22nd July, 2002.

Dear J,
How’s everything?
I hope that my sudden disappearance didn’t cause you too much trouble. I know you can handle the company by yourself, though you’ve got to work double hard. Who knows, you may be mad at me. So I decided to write a letter instead of calling. One-way communication is always a safer bet.

As you may have already guessed from the postage, I send this letter from my wife’s home town. She was always fond of the sea. Don’t come looking for me. I am only going to be around for a couple of days, to scatter her ashes.

This town is an eight-hour slow train ride from the station near our office. The journey is hardly picturesque, industrial buildings and warehouses amidst dry, cracking soil. The first time I took the train five years ago, my wife and I were both drifting to sleep in less than ten seconds. But when you sit alone with an urn on your lap, it’s hard to fall asleep. I was awake until the train stopped.

I don’t want to meet my wife’s parents, so I stay at a cheap motel. They still harbor ill feeling towards me. As if it was my fault that their one and only daughter committed suicide. Well, maybe there is some grain of truth in it, though I’m not going to admit.

I went to the beach with the urn inside a paper bag on the first day. Seeing how things changed, I’m not sure if my wife still loved the place. Let me try to explain why.

The last time when we were here, the place was a long stretch of white sand. The summer sun shone on the water. It was always sparkling. Old couples walking hand in hand, teenagers grouping together with guitars, lovers holding hands, families with their dogs in tow. A typical beach holiday postcard. It tricked me into believing that summer would last forever. Oh, what a fool. A happy fool I was.

I remember taking a long walk with my wife, my arm around her waist. Our bare feet dug into the warm sand. My wife was smiling, she was happy. Or I at least, that’s what I thought. I had that beautiful scene etched in my memory entitled, “The Summer We Were Happy”. I would replay that scene each time my wife and I quarrelled. Or when I found her secretly crying inside the bathroom.

But now, thing has changed. The small quaint holiday town is no longer there. A thriving industrial complex replaces it. Factories and worker dormitories are standing side by side, hardly any space in-between them. One of the factories manufactures chocolates, so there is always a lingering rotten smell in the air. I have to take out my handkerchief to cover my nose whenever I pass by the area.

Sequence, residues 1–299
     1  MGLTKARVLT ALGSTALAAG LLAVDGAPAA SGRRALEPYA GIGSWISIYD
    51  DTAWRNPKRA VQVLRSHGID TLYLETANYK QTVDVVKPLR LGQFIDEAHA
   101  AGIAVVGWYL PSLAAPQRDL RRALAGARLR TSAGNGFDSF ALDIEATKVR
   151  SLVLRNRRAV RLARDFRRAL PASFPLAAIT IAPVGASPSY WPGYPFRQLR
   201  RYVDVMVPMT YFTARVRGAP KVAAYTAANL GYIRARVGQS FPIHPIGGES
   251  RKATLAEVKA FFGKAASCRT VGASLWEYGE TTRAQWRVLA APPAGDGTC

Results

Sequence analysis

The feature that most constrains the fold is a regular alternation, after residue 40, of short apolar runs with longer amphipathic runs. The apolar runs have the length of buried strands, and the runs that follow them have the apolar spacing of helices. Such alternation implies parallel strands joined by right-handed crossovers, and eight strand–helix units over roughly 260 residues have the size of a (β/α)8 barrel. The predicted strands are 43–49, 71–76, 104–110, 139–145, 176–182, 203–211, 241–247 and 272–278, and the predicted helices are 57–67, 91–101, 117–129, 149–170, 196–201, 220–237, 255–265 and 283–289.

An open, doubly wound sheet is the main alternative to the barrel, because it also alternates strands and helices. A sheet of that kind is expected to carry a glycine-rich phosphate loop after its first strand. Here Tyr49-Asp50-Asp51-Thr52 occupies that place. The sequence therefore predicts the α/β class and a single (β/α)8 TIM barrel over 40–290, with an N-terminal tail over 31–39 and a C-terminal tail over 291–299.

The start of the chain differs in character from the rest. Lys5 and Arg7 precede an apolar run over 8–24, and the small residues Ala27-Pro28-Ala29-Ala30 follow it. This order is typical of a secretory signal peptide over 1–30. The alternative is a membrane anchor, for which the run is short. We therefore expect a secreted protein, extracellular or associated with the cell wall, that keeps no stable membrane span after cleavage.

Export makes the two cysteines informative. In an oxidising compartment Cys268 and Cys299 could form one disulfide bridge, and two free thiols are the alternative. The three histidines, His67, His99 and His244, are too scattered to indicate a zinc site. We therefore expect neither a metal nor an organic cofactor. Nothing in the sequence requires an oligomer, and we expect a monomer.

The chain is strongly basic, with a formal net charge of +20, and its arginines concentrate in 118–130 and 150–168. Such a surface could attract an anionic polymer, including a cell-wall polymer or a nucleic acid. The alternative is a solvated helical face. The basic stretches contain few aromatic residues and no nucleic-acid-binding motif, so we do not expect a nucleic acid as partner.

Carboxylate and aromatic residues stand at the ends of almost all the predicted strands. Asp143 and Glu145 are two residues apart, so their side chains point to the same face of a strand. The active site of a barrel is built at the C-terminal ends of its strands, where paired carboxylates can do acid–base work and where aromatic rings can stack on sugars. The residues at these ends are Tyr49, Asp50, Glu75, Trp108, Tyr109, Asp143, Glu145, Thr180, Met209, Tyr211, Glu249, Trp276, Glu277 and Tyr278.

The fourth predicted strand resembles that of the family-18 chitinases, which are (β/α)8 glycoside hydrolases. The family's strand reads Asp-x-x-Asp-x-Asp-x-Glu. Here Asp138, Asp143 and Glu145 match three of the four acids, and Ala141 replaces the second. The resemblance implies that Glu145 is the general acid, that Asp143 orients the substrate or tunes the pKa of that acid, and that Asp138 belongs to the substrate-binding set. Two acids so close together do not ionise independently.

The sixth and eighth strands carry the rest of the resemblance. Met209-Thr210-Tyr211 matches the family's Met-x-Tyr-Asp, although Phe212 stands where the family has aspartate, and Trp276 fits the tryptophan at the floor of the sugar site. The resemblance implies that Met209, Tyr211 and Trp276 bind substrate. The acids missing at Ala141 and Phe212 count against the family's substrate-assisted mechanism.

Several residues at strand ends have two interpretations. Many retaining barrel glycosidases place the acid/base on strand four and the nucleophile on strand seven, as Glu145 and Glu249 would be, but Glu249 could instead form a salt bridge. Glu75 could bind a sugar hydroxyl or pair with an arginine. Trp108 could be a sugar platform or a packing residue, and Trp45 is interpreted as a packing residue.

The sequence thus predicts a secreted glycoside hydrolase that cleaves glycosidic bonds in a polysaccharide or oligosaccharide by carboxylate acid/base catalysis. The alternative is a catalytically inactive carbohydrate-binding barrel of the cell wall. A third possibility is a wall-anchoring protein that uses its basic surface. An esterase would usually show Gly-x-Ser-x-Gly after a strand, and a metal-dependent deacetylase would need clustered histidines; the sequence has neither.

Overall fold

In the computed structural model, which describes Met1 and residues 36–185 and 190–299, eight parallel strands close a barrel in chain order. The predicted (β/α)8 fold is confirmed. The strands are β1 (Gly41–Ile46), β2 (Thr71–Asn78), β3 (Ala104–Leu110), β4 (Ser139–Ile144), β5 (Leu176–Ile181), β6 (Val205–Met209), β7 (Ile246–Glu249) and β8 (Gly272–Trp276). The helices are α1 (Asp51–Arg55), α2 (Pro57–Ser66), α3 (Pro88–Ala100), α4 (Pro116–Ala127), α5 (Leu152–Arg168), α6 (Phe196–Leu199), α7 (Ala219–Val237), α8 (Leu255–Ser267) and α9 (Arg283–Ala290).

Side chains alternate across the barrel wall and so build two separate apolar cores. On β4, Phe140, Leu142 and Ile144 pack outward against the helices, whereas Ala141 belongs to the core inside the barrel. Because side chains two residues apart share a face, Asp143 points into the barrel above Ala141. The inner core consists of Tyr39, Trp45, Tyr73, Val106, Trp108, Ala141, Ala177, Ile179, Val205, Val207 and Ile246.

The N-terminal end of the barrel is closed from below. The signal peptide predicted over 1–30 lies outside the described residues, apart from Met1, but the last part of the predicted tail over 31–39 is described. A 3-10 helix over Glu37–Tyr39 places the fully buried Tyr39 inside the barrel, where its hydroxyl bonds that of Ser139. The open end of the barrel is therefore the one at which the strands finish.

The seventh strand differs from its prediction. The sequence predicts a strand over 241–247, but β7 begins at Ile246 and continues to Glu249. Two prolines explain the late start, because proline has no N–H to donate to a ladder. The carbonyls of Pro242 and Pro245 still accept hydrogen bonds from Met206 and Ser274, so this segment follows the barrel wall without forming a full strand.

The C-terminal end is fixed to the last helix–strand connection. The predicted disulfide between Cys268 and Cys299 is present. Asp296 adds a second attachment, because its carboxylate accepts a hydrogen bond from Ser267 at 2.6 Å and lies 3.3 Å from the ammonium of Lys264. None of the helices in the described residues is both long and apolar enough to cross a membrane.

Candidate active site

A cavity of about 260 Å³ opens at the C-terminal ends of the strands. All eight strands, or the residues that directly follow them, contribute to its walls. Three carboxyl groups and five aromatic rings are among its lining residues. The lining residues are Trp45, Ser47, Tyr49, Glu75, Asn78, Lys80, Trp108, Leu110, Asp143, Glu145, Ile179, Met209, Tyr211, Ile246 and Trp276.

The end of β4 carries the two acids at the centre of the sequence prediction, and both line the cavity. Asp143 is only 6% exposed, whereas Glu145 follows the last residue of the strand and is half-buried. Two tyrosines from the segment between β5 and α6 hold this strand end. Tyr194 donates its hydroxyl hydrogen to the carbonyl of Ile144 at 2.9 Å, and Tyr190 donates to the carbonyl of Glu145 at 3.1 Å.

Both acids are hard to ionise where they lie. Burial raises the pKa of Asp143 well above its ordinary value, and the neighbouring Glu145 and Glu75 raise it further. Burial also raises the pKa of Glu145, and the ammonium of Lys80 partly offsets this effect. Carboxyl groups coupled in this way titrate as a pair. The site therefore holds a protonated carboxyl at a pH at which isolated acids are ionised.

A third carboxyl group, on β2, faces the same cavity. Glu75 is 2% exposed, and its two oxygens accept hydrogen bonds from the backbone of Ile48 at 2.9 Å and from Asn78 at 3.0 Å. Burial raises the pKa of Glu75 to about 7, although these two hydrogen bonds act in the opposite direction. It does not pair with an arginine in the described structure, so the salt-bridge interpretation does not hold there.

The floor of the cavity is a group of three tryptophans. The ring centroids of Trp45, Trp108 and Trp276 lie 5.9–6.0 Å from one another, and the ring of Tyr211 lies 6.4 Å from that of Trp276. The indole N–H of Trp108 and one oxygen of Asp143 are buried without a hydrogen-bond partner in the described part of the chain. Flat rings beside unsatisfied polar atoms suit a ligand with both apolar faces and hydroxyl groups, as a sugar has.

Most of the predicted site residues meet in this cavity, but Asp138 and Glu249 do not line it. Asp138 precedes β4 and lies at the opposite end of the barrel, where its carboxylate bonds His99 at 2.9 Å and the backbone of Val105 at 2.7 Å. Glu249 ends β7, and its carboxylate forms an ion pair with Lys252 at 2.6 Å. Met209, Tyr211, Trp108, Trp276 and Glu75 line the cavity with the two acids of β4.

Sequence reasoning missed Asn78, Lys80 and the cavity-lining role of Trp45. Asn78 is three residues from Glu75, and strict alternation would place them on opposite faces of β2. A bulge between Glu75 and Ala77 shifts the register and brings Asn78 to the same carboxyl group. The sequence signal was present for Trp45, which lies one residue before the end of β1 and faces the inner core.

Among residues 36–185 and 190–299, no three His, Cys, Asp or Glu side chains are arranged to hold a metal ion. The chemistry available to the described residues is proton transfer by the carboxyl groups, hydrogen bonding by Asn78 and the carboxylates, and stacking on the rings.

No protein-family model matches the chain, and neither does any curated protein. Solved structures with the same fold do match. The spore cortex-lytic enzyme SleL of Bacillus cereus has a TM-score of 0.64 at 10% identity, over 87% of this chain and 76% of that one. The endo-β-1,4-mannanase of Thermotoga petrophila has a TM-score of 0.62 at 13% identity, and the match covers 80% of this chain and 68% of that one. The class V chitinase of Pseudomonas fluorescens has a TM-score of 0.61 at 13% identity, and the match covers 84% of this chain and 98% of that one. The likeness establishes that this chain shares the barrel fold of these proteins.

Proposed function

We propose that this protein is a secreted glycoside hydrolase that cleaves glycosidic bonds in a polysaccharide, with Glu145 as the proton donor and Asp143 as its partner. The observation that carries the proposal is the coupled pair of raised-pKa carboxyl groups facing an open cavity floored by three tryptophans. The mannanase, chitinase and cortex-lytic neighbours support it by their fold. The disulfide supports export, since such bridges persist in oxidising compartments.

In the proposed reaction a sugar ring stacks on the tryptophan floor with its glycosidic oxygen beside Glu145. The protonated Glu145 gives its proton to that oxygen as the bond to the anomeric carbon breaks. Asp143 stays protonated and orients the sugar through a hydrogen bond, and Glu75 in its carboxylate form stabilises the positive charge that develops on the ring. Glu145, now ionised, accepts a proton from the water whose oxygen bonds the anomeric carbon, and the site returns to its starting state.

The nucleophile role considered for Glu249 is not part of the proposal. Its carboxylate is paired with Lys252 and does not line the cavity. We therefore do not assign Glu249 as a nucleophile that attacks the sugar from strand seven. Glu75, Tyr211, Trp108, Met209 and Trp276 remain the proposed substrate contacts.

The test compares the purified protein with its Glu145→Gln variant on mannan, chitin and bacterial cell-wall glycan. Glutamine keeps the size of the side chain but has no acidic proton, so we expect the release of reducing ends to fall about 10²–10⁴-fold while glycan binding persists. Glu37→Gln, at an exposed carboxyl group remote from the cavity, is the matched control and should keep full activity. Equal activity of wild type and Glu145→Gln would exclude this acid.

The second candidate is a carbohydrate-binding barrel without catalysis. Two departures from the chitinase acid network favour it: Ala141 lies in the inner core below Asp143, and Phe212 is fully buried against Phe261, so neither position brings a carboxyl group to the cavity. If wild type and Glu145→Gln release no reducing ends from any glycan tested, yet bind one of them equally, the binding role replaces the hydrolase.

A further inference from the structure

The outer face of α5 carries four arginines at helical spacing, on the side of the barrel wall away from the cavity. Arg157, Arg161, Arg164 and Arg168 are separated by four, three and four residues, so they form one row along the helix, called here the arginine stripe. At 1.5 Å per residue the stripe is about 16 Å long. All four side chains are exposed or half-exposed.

As for beach, it’s already gone. The developers used the sand for construction. And somehow, they managed to extend the land to create more spaces for factories and dormitories. It must be profitable business, don’t you agree?

There is still sea, of course. But it is dark and murky. If you walk pass the row of buildings, you’ll eventually reach the water. You can even sit on the jetty and dip your toes in it, though nobody will do that. The water smells funny. I can bet all my savings that more than half of the factories secretly dump their waste there. It’s certainly no place to scatter ashes of one’s beloved wife.

But I decided to open the lid and pour the ashes under the cover of the night. Yes, into that filthy water. Truth is, I’m still angry. Not ready to deal with her being gone. So that was my final acts of childish revenge.

We both knew that my wife didn’t love me. She might have loved me in the past. But the last few years, there was someone else. Someone I didn’t know until recently.

When cleaning up her personal belonging after the funeral, I found a pair of movie ticket stubs hidden inside her wallet. They were from three years ago. Why would anyone keep a pair of old ticket stubs? Surely there was an explanation.
I remember buying those tickets, but I didn’t watch the movie. I was busy, so I asked you to accompany her instead. There you are, mystery solved.

Now, my friend, I’m not blaming you. You probably wouldn’t find out about it if I had not told you. As a matter of fact, I don’t blame her too. She was probably as helpless as I was, when I found her body lying lifeless at the bathroom’s floor. We’re victims. All of us are.

But knowing that, I couldn’t help myself not to feel angry. After all, I did really love her. And you’re the closest friend that I have. You’re like my own brother. Out of so many people, why is it got to be you?

I need to distance myself from all these mess before I go crazy. I’m going to leave the city tomorrow afternoon. Yes, now it’s no longer appropriate to call this place a ‘town’. When you read this later, I would be somewhere else. Where to? I’m not going to say. I need time and space to process everything alone. So don’t try to find me.
But when I do return if ever, let’s pretend that nothing ever happen. You and I, together we run the best translating company in the universe. Isn’t that what we trick ourselves to believe in our younger days? I miss those days when we were young and foolish.

Your friend,

PS. Don’t forget to file the company tax. I’m not going to be around to do it for you this time.